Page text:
Otago researchers help find leptospirosis answers in Africa

University of Otago researchers are helping lead international studies which have discovered that exposure to cattle and rice farming are risk factors for the devastating disease leptospirosis in northern Tanzania.

Dr Michael Maze, from the University of Otago’s Centre for International Health, says the findings from two research papers, which have just been published in the scientific journal PLOS Neglected Tropical Diseases, have implications for potential control of leptospirosis in Africa.

Leptospirosis is transmitted from animals to people and affects more than 1 million people worldwide each year.

The infectious disease is a major cause of febrile illness and death in Africa, but little is known about risk factors for human infection. The bacteria that cause leptospirosis have their usual life cycle in animals; humans are infected as accidental hosts.

In Africa it is unknown which sources of leptospirosis are most responsible for human infection and what behaviours put people at risk of infection.

But one area of research has identified that cattle and in smaller numbers, goats and sheep, but not rodents, are commonly infected with pathogenic Leptospira infection. The other research focus has shown that exposure to cattle and rice farming are risk factors for contracting the disease.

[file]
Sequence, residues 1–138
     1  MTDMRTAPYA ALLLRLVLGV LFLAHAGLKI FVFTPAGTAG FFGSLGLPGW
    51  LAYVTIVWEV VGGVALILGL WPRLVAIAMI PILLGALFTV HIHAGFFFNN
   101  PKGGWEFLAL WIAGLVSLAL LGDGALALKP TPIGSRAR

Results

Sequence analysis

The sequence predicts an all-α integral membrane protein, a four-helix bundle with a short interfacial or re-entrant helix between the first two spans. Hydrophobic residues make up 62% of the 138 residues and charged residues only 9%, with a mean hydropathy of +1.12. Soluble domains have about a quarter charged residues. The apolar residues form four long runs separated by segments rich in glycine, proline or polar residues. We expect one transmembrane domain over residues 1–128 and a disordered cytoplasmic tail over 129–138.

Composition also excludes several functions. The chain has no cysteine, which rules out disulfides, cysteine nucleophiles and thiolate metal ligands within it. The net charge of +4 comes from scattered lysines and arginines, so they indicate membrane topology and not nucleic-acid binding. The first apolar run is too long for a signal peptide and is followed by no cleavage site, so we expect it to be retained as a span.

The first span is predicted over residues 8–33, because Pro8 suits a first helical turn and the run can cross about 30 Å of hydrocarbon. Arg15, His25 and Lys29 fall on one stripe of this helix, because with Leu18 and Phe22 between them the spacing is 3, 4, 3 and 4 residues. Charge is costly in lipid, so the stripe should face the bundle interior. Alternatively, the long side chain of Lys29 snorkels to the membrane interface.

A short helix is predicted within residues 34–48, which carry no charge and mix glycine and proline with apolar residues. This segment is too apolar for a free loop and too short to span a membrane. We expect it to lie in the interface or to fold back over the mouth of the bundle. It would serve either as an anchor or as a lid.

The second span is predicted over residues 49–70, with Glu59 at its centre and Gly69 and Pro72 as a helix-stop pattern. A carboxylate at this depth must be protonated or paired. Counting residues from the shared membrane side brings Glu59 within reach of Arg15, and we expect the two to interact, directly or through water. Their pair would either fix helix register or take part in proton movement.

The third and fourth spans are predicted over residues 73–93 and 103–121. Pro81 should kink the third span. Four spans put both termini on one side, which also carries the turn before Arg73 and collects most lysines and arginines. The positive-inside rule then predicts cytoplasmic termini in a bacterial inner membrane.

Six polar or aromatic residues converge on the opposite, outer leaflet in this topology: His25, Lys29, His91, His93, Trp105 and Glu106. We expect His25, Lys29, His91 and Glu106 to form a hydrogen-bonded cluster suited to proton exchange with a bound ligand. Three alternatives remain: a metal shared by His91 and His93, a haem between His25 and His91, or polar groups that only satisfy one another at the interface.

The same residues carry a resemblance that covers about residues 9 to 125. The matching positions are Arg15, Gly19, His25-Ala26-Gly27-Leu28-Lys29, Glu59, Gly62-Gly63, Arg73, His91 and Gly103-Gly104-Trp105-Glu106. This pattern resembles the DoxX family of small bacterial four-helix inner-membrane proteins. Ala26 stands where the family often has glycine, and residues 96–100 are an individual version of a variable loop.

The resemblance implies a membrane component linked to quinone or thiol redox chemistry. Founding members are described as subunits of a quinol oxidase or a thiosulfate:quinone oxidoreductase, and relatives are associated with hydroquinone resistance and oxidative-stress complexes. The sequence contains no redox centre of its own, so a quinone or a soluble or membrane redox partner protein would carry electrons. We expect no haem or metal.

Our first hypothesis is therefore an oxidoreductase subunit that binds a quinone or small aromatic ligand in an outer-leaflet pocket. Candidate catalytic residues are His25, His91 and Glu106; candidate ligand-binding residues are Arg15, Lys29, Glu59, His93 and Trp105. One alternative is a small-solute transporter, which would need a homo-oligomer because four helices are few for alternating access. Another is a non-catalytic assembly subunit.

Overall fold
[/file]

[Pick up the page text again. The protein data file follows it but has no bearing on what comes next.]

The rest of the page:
Dr Maze has been based in Moshi, Tanzania, and is a lead investigator in the studies.

The studies are part of a larger collection of studies investigating zoonotic infections in Tanzania that are led by Professor John Crump, who is the Director of the University of Otago’s Centre for International Health, and involve Associate Professor Katrina Sharples, from the University of Otago’s Department of Medicine and researchers from the US, Tanzania and the UK.

The researchers investigated risk factors for the infectious disease among 1293 patients with fever attending hospitals in northern Tanzania between 2012 and 2014.

Their results identify associations between cattle contact and work in rice fields with acute leptospirosis.

Dr Maze says the findings indicate that cattle may be a source of human leptospirosis in the African country.

“Our findings suggest that control of Leptospira infection in livestock could play a role in preventing human leptospirosis in Africa.”

In a second study, the researchers tested rodents, cattle goats and sheep for Leptospira infection and found cattle had a high prevalence of infection (7 per cent), goats (1.2 per cent) and sheep (1.1 per cent). Among 384 trapped rodents, no animals were found to carry the infection.

The researchers have also identified work in rice fields is an important risk factor for human leptospirosis.

They say further investigation is needed to explore the potential for control of leptospirosis to prevent human illness.

Source: University of Otago

Author: Bob Edlin

Editor of AgScience Magazine and Editor of the AgScience Blog

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